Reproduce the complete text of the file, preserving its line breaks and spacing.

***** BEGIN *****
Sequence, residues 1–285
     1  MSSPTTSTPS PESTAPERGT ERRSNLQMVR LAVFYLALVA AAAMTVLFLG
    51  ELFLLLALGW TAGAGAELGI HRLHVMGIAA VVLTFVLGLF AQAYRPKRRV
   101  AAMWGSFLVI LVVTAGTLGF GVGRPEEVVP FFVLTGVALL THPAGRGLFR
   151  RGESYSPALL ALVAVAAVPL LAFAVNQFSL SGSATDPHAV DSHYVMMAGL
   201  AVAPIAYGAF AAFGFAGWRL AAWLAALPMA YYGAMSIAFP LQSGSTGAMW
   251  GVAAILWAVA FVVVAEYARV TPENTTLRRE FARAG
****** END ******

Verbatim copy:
Sequence, residues 1–285
     1  MSSPTTSTPS PESTAPERGT ERRSNLQMVR LAVFYLALVA AAAMTVLFLG
    51  ELFLLLALGW TAGAGAELGI HRLHVMGIAA VVLTFVLGLF AQAYRPKRRV
   101  AAMWGSFLVI LVVTAGTLGF GVGRPEEVVP FFVLTGVALL THPAGRGLFR
   151  RGESYSPALL ALVAVAAVPL LAFAVNQFSL SGSATDPHAV DSHYVMMAGL
   201  AVAPIAYGAF AAFGFAGWRL AAWLAALPMA YYGAMSIAFP LQSGSTGAMW
   251  GVAAILWAVA FVVVAEYARV TPENTTLRRE FARAG